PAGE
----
The Star Public House Chalton
The Star February 2016
The Star has been a feature of life in Chalton for a very long time. The first countywide licensing register, in 1822, lists the public house [CLP13]. In 1842 someone stole a scythe from Joseph Medcraft. About a month later a man named Thomas Gobby tried to sell a scythe to other patrons at the Star [QSR1842/4/5/15]. He was duly convicted of theft and spent six weeks doing hard labour in Bedford Gaol.
Later that year the licensee of the Star, John Washington, had three lodgers: William Brandom had one room and another was shared by John Scrivener and David Poulton. One Saturday morning Washington, Scrivener and Brandom all set off at 4 am to work on the harvest. That evening Brandom and Scrivener found that they had had clothing stolen. The police caught up with David Poulton at South Mimms in Hertfordshire and he was arrested wearing some of the stolen clothes! [QSR1842/4/5/29].
The Bedford Gaol register [QGV10/2] tells us that Poulton was then eighteen years of age. He was 5 feet 3 inches in height with brown hair and grey eyes. He had been born in Dunstable. He was duly sentenced to six months' hard labour and, whilst inside, his behaviour was "orderly". He did not, however, learn his lesson. In 1846 he was again imprisoned, this time made to walk the wheel, milling corn, for three months for being a "rogue and vagabond" [QGV11/2].
By the time of the countywide licensing register of 1876 the Star was owned by Richard Medcraft of Toddington. In 1877 Ann Medcraft, Joseph Smith and William Seamons, presumably after Richard's death, conveyed the Star to William Anstee [HN7/1/CHA1]. By at least 1873 [Z210/81] Medcraft had leased the Star to Dunstable brewer Benjamin Bennett.
In 1921 the trustees of the estate of J H Anstee put that estate up for sale by auction. The particulars [HN7/1/CHA1] describe the Star as "in a very advantageous position on the main road and motor bus route between Toddington and Luton" and as a "substantially built brick and tiled house" which contained a tap room, a bar, a sitting room, two cellars, a scullery, a store room and four bedrooms. There was also an "adjoining and communicating" cottage comprising a sitting room, a scullery and two bedrooms. This seems to have been taken into the public house a few years later [see below] when the number of bedrooms has risen to five. In front o the property, near the road, were farm buildings comprising: a cart lodge, a pigsty, four loose boxes, a barn and coal place, a stable for four horses and a stock yard. There were also "two productive vegetable gardens", an orchard and paddock totalling just over two acres. The lease to Benjamin Bennett expired at 29th September that year and was for £70 per annum
The Rating and Valuation Act 1925 specified that every building and piece of land in the country was to be assessed to determine its rateable value. The valuer visiting the Star [DV1/C127/29] found it was, unusually, owned and occupied by Charles Henry Tayler rather than being tied to a brewery, so he must have brought it at auction in 1921 and ended the elase to Benjamin bennett. The building sat in 0.885 of an acre. Downstairs accommodation comprised a bar, a "fairly good" smoke room, a kitchen, a scullery and a pantry. Upstairs were five bedrooms. A timber and corrugated iron stable and cart shed stood outside along with a timber and thatched barn and wood shed. In the adjoining field was a corrugated iron tea hut, match-boarded inside and measuring nine yards by five yards. It had "hardly any use except for children in wet weather". Trade consisted of 1 and one half barrels of beer per week and forty gallons of spirits per annum.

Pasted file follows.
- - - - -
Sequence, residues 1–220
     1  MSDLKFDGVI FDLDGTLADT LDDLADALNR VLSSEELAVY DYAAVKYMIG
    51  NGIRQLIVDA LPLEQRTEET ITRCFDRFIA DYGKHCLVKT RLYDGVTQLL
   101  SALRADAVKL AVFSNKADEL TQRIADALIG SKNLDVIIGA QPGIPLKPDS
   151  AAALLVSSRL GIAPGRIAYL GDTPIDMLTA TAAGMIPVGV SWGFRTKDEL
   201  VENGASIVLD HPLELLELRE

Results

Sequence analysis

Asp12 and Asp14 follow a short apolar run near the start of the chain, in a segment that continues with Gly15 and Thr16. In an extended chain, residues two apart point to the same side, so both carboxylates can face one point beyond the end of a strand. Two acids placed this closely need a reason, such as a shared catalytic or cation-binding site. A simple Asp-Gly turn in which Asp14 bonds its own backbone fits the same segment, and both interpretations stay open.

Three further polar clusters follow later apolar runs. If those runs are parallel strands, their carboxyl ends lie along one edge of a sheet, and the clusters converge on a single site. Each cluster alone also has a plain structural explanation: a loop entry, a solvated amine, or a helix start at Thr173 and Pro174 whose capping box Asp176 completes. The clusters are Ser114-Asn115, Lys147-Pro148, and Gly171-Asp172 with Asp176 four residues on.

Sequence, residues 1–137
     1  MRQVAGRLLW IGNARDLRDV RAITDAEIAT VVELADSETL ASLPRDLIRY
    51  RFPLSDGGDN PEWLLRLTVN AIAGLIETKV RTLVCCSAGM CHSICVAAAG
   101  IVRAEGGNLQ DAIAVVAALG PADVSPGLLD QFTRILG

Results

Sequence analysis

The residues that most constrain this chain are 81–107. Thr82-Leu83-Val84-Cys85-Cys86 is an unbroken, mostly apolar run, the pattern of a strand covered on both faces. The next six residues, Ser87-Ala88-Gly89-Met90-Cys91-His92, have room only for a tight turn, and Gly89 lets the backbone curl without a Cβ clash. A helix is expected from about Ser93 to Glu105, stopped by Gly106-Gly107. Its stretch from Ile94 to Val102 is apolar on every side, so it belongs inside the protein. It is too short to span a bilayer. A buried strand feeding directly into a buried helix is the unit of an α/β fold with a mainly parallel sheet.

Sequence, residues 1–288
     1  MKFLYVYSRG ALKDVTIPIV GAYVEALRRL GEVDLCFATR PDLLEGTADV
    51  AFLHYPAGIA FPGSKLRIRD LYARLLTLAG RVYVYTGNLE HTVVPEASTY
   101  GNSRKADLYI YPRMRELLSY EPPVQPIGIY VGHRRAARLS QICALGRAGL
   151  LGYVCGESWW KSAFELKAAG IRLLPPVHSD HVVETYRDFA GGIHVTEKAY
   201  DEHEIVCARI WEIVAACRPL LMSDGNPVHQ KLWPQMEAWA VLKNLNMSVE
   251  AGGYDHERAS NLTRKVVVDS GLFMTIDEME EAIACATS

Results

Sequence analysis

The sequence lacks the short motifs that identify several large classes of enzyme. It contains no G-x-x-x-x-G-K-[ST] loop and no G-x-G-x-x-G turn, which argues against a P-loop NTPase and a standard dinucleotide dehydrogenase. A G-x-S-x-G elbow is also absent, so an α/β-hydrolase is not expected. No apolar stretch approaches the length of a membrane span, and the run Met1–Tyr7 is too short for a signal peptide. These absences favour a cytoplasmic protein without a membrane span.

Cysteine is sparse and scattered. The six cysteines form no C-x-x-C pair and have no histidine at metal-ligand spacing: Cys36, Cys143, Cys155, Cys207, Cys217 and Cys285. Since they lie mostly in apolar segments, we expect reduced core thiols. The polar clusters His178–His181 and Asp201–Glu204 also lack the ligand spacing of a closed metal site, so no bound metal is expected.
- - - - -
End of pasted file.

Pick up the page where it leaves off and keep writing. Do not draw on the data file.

By 1956 the Star was in the ownership of London brewers Mann, Crossman and Paulin and it seems likely that they brought it from Ellen Tayler in 1947. In 1958 the brewers merged with Watney, Combe and Reid Limited to form Watney Mann, which was taken over by Grand Metropolitan in 1972. Att he time of writing  the Star is owned by Chef and Brewer, which was sold by Grand Metropolitan by Scottish & Newcastle in 1993 and sold again, in 2003, to Spirit Group, which merged with Punch Taverns in 2005, and demerged in 2011. Chef and Brewer was acquired by Suffolk brewers Greene King in 2015
- CLP13: Register of alehouse licences: 1822-1828;
- QSR1842/4/5/15: Star used to fence stolen property: 1842;
- QSR1842/4/5/29: clothing stolen from lodgers at the Star: 1842;
- QSR1865/3/5/5-6: landlord's son giving evidence in a case unrelated to the Star: 1865;
- PSLB4/1: Leighton Buzzard petty sessional division licensing register: c.1860s-1949;
- PSW3/1: Woburn petty sessional division licensing register: 1868-1949
- Z210/81: leasehold property listed in draft agreement: 1873;
- HN7/1/CHA1: sale particulars: 1921;
- WW2/AR/CO/2/2: seven bombs fell at the rear of the Star: 1940;
- Z889/2/14: Mann Crossman and Paulin file on refurbishing the inn sign, including photographs: 1956-1962;
- PSLB4/4: Leighton Buzzard petty sessional division licensing register: 1967-1992;
- Hi/PH12/16/1: photograph of the road outside the Star: 1982
List of Licensees: note that this is not a complete list. Italics indicate licensees whose beginning and/or end dates are not known:
1822-1827: Elizabeth Briden;
1828: Samuel Briden;
1842-1876: John Washington;
1885-1891: Joseph Washington;
1894-1898: Emanuel Fletcher and son;
1903-1907: James Harris
1907-1913: Charlotte Harris
1913-1921: Herbert Edward Swaffield
1921-1940: Charles Henry Tayler
1940-1947: Ellen Tayler
1949-1954: Ellen Elizabeth Brett;
1954-1960: Frederick James Thompson;
1960: Kenneth Thompson Smith;
1980: Brian Dennis Treadaway;
1986-1988: Brian Dennis Treadaway and Juan Vidal;
1988-1989: Juan Vidal;
1989: Norman Milton and Brian Johnson;
1989-1990: Richard Carr and Brian Richard Johnson;
1990: Simon Broadbridge and Richard Bodek.